Volume 9 Issue 45
Published - 14:00 UTC 08:00 EST 14-Feb-2007 
Next Update - 14:00 UTC 08:00 EST 15-Feb-2007

Editor: Susan K. Boyer, RN
All rights reserved.



Ninety-nine percent of doctors believe that part of their job is to encourage their patients to live a healthier lifestyle, but very few actually do it

(14 February 2007: VIDYYA MEDICAL NEWS SERVICE) -- Israeli doctors believe that part of their job is to encourage their patients towards a healthier lifestyle, better nutrition, exercise and avoiding smoking, but new research conducted by the School of Public Health at the University of Haifa found large gaps between this idea and its actual implementation. While 99% of the doctors surveyed said that they believe that educating their patients toward a healthier lifestyle is part of their job, 80% said they don't do it due to lack of time. Half of the doctors said that they don't get paid to educate their patients and 40% found it difficult to integrate lifestyle counseling into their clinical practice.

"There are some obstacles that prevent doctors from doing what they believe is their job. In the end, a doctor that doesn't have the means, ability or belief that he can actually change his patients' behaviors will say he doesn't have time, that he isn't paid to do this or that it doesn't interest him," explains Iris Dagan who conducted the research among 218 community physicians. According to Ms. Dagan, patients see their doctor as an authority figure and that there is a good chance that they would accept a doctor's recommendations and change their health-related behaviors.

Dagan's research revealed a few reasons why doctors feel more or less confident in their ability to bring about behavioral changes in their patients. "If, as part of his education, a doctor were to get training in how to counsel a patient to live a healthier lifestyle, he would be more apt to effect change and more confident in his ability to do so. A doctor who never received proper training and doesn't know how to counsel his patients to change their habits will prefer not to discuss the issue with his patients, believing that he is not skilled in this area," explained Ms. Dagan.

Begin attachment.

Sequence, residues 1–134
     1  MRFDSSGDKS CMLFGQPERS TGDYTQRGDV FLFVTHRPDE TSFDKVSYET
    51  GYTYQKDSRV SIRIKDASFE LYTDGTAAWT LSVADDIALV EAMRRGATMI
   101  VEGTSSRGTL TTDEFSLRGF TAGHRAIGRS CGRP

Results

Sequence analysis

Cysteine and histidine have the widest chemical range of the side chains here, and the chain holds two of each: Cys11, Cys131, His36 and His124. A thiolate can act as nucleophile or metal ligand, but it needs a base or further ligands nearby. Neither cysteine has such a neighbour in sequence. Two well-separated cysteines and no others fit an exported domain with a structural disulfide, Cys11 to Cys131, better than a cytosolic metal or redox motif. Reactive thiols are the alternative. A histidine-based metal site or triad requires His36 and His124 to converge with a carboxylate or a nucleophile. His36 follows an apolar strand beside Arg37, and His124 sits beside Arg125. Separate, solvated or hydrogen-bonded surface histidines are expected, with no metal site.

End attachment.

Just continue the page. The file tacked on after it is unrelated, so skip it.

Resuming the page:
Another reason is doctors' health lifestyles. A doctor who maintains a healthy lifestyle will be more apt to educate his patients; a doctor who doesn't will be more reluctant. "There is a difference between treating a specific complaint or illness and counseling patients to live a healthy lifestyle. In Israel, as in other places in the world, a doctor is a recognized authority on healthy behaviors. Therefore, health policy makers need to outline and implement new strategies that will advance doctors' status as healthy lifestyle counselors and enable them to give their patients advice on things they believe in," explained Dagan.

Throughout the world, doctors are recognized behavioral counselors. Recently, the Israeli health system has begun organizing ways to enable doctors to share this knowledge with their patients. Dagan remarked that she would like to see changes in the health system that would encourage more doctors to counsel their patients to adopt a healthier lifestyle.

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